RealTime IT News

AMD Revitalizes its Geode Family

AMD reworked its low-power processor family with the addition of new chips designed for x86-based embedded environments, the company said Monday.

The Sunnyvale, Calif.-based chipmaker said it is adding the AMD Geode NX processors to compliment its current AMD Geode GX family.

The processors are designed for fan-less applications running Windows XP-based high-end thin clients, high-end printers, point-of-sale systems, information and transaction kiosks and telecommunications and networking equipment.

AMD said two new Geode NX chips are in the final production stage: the Geode NX 1500@6W, which runs at 1GHz, and the Geode NX 1750@14W, which clocks in at at 1.4GHz. In bulk quantities, the chips wholesale for $65 and $55, respectively. The NX1500 is also supported by the AMD Geode NX DB1500 development board, which contains processor, memory and peripherals.

The company said it plans on demonstrating its new Geode NX family at an industry event on June 2 in Taipei.

The Geode processor family is part of AMD's non-PC Internet Appliance market. Along with its Alchemy processor family, the company is targeting multimedia, access devices, computing devices, with growth opportunities in consumer electronics and communication segments. The new chips are expected to compete with other fanless, low-power processors such as rivals' Transmeta with its Crusoe and Efficeon chips as well as Intel's XScale product line.

In addition to introducing the Geode NX processors, AMD is renaming its current Geode GX2 processor Geode GX 533@1.1W processor. Also available is the Geode GX 466@0.9W processor and the Geode 500@1.0W processor.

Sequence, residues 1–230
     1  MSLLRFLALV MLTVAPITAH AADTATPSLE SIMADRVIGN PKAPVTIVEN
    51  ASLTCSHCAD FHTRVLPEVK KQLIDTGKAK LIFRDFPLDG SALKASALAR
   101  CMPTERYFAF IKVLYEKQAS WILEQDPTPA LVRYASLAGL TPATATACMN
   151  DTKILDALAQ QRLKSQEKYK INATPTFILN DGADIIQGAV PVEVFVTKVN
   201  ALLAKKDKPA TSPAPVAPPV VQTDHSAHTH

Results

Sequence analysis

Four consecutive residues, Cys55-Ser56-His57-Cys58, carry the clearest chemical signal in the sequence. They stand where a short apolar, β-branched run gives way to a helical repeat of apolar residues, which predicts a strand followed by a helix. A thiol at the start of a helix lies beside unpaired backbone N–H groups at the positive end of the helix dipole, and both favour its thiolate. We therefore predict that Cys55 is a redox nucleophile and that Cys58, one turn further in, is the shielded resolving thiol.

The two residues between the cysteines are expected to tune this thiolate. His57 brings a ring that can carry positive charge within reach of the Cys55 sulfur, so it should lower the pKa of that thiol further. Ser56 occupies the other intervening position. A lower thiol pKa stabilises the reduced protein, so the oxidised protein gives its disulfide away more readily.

Built on the GeodeLink architecture, AMD said its Geode GX processors run at slower clock rates but maintain their performance. The chips are also designed for the thin client, single board computers and mobile device markets.

AMD acquired the product line and technology from National Semiconductor last year.

As consumers are looking for more of a differentiator than processor speeds alone, companies like AMD and Intel are changing the way they identify their products. For example, Intel dropped the speed identifiers from its Pentium and Xeon processors in March in favor of identifiers based on performance.

AMD's tactic for its embedded processors going forward will include the provision of wattage requirements and performance benchmarks based on the Performance-Power Rating, which was developed and validated by Synchromesh Computing.

"The model numbers have been designed to provide a quick view of the performance and power capabilities of each processor in the AMD Geode Solutions product line," Iain Morris, group vice president, AMD Personal Connectivity Solutions Group said in a statement. "Using the model numbers, customers can determine if they need an extremely low-power solution as offered by our AMD Geode GX line, or a high-performance embedded solution that is now addressed with our AMD Geode NX product offering."